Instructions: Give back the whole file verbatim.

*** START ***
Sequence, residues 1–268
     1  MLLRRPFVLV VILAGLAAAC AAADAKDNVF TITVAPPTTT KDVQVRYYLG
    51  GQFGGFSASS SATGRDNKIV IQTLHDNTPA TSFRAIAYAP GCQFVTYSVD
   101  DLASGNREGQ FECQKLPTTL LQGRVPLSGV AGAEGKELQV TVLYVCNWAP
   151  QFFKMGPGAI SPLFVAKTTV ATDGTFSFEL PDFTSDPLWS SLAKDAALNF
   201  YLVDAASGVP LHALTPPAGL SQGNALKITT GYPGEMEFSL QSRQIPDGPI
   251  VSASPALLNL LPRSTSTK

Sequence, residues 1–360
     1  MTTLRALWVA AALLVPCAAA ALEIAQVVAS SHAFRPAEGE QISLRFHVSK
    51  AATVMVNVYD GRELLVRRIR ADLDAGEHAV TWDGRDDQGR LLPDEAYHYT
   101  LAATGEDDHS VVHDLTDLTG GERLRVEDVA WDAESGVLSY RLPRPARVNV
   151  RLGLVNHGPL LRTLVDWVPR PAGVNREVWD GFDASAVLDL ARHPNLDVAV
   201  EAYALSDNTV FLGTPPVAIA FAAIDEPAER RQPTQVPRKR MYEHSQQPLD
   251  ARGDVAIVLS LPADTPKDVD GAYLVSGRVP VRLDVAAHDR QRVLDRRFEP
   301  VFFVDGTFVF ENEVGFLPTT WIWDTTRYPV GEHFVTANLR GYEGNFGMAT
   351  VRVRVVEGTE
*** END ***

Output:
Sequence, residues 1–268
     1  MLLRRPFVLV VILAGLAAAC AAADAKDNVF TITVAPPTTT KDVQVRYYLG
    51  GQFGGFSASS SATGRDNKIV IQTLHDNTPA TSFRAIAYAP GCQFVTYSVD
   101  DLASGNREGQ FECQKLPTTL LQGRVPLSGV AGAEGKELQV TVLYVCNWAP
   151  QFFKMGPGAI SPLFVAKTTV ATDGTFSFEL PDFTSDPLWS SLAKDAALNF
   201  YLVDAASGVP LHALTPPAGL SQGNALKITT GYPGEMEFSL QSRQIPDGPI
   251  VSASPALLNL LPRSTSTK

Sequence, residues 1–360
     1  MTTLRALWVA AALLVPCAAA ALEIAQVVAS SHAFRPAEGE QISLRFHVSK
    51  AATVMVNVYD GRELLVRRIR ADLDAGEHAV TWDGRDDQGR LLPDEAYHYT
   101  LAATGEDDHS VVHDLTDLTG GERLRVEDVA WDAESGVLSY RLPRPARVNV
   151  RLGLVNHGPL LRTLVDWVPR PAGVNREVWD GFDASAVLDL ARHPNLDVAV
   201  EAYALSDNTV FLGTPPVAIA FAAIDEPAER RQPTQVPRKR MYEHSQQPLD
   251  ARGDVAIVLS LPADTPKDVD GAYLVSGRVP VRLDVAAHDR QRVLDRRFEP
   301  VFFVDGTFVF ENEVGFLPTT WIWDTTRYPV GEHFVTANLR GYEGNFGMAT
   351  VRVRVVEGTE